Billboard has a lengthy piece on how the decline in download revenues in the US and the lukewarm reception of iTunes Radio has spooked Apple and spun the company into something of a crisis. So much so that it is considering the “most dramatic overhaul of its iTunes music store in more than a decade”.

The piece is full of quotes from anonymous insiders and Apple has refused to comment but, despite that, it is a fascinating read and hints at all manner of future directions for Apple and music (which is perhaps part of the problem as an overwhelming number of choices are seemingly fuelling the company’s indecision here).

The headline stats from the piece are that iTunes Radio is not driving significant click-through sales of tracks – Billboard sources says only 1-2% of users are clicking the buy buttons – and that Apple’s contribution to labels’ digital revenue has slipped from 70% two years ago to 50% today (as other platforms grow and the US download market hits the wall).

“iTunes Radio hasn’t solved the problem of refreshing the iTunes store,” is what one senior label executive is quoted as saying. “While listeners are clicking the buy buttons, the traffic it is driving is in the low single digits of listeners.”

It’s not all bad news for iTunes Radio, however, with some sources seeing a wider picture where, even if it has had a poor start in the US, it could still have a significant part to play in markets like Russia and Brazil when it gets a proper international roll out.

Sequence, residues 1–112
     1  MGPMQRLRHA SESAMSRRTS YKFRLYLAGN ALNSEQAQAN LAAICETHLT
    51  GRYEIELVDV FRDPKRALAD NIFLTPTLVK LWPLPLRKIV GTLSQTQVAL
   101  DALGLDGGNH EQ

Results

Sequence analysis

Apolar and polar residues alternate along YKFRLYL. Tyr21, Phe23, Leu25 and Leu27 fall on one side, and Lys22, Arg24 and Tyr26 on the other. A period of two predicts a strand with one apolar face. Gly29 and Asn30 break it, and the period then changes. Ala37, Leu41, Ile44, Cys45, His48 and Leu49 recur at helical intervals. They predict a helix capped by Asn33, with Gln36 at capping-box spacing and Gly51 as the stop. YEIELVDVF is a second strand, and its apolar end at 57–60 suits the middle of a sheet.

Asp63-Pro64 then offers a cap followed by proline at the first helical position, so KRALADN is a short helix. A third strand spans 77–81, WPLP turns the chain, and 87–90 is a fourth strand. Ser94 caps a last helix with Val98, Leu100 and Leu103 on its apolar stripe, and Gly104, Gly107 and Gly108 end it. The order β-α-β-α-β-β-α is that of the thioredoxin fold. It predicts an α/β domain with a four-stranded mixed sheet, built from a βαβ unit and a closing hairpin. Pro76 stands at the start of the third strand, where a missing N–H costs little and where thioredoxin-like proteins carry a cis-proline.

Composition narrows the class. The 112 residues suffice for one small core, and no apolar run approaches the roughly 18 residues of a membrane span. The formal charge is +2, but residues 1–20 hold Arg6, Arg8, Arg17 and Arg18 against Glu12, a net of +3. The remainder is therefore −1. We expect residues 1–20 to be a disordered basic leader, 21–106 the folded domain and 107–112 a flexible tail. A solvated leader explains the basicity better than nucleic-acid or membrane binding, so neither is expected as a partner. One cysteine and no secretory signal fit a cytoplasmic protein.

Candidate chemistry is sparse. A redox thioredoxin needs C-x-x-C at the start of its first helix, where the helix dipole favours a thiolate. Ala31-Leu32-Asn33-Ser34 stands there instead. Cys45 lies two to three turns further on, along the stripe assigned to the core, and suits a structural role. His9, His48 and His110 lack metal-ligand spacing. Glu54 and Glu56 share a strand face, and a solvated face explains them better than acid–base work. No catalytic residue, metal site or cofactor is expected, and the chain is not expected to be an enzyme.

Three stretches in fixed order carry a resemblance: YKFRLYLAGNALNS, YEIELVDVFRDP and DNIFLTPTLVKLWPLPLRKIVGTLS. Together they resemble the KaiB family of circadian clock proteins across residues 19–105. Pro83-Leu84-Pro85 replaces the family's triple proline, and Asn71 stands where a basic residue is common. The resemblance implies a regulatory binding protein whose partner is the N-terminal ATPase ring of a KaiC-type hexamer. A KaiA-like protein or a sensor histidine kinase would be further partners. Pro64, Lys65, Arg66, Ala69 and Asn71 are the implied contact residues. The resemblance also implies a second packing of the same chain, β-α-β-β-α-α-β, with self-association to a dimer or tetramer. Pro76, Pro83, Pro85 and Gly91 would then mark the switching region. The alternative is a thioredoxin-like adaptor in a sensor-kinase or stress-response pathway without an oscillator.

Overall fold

The feature does crank up the sense of panic enveloping Apple over this as it tries to build a future strategy and retain its preeminence in the digital music space. The two biggest issues it seems to be prevaricating over are: bringing iTunes to the Android platform (especially as it loses ground to Google’s mobile OS); and the launch of iTunes as a full on-demand streaming service (something the late Steve Jobs famously said the company would do when “Hell froze over”).

“The à la carte consumption model is 11 years old and at this point the decline in the US download sales seems unstoppable; it doesn’t seem like the store is refreshable,” said one label source, adding that iTunes going into on-demand streaming was a question of “when” rather than “if”.

The feature paints a picture of a company in a deep institutional and strategic panic about the future. But, given Apple’s internal secrecy about what it is up to and its track record, it will be a brave, brash or foolish person who writes off its centrality to digital music just yet.

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